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What makes one recumbent faster than another?

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What makes one recumbent faster than another?

Old 07-17-08, 11:10 PM
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fromabuick6
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What makes one recumbent faster than another?

Given riders of equal strength/ability, what factors make a recumbent "fast." I was looking at highracer today, a Bacchetta Corsa, and the salesman said it was faster not only because it was bit lighter, but because it was more aerodynamic than one with a small front wheel. Also it has skinny tires.

Then I was looking online at a "Gold Rush" recumbent bike, which is supposed to be fast. It's a LWB bike, and I'm guessing the fairing makes it aerodynamic--is that the main factor in speed? Again, I'm assuming the rider is a strong rider.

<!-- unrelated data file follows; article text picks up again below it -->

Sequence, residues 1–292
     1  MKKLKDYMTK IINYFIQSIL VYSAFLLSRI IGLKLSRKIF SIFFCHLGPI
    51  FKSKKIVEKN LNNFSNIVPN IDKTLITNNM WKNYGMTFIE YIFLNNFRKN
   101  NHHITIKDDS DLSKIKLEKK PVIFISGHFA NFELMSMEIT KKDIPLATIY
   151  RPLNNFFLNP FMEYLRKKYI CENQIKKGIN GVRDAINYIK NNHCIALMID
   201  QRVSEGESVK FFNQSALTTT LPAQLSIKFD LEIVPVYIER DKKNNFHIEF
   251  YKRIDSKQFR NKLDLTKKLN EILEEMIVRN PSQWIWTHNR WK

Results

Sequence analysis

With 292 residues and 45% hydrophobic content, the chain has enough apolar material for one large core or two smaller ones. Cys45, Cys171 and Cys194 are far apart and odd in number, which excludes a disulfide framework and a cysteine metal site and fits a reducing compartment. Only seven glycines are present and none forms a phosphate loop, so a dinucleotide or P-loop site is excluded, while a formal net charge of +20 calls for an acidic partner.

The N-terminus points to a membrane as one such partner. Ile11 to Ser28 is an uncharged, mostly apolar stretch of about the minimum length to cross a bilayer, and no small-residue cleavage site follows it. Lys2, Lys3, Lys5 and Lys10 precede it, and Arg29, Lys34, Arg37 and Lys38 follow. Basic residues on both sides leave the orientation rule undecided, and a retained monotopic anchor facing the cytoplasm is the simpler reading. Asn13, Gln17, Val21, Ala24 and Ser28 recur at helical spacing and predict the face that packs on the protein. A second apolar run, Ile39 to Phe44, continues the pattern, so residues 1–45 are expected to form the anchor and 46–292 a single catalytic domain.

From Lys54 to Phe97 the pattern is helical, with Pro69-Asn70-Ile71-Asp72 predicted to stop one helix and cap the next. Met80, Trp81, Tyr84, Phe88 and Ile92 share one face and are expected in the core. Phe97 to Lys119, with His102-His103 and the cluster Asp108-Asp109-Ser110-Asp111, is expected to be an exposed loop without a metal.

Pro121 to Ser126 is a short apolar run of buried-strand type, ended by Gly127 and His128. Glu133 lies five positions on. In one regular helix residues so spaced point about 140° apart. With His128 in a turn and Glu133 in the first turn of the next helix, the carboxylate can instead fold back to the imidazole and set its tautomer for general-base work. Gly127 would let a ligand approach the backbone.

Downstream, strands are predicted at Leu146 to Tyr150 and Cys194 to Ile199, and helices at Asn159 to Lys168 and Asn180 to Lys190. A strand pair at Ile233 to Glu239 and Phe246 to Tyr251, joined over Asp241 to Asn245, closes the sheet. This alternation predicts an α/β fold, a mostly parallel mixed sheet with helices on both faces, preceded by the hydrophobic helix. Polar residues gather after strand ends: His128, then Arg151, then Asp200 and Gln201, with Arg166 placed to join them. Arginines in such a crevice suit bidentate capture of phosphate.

I'm not being sarcastic, just not sure why one bike would be faster than the next.

The Bacchetta bike is a nice looking bike, hoping to take it for a test ride, didn't have time today. Would like to try one of the LWB bikes too but they seem harder to find.
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Old 07-18-08, 02:15 AM
  #2  
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CD <- Coefficient of Drag is the name of the game on the flat. The lower the better. If a salesman says to me that bike A is faster than bike B then I would ask him/her "show me the independent wind tunnel test that determined the CD for bike+rider for each model"

When you get into the hills then it's strength/weight ration, and IMO if you can't climb on a sub 25lb bike then the limiting factor is not the bike.
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Old 07-18-08, 06:36 AM
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As far a skinny tires go i think its to do with rolling resistance. Skinny tyres have less RR than fat tires. I Think it also has to do with the "hole" you punch in the air. As you can probably tell i'm not an expert.
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Old 07-18-08, 07:27 AM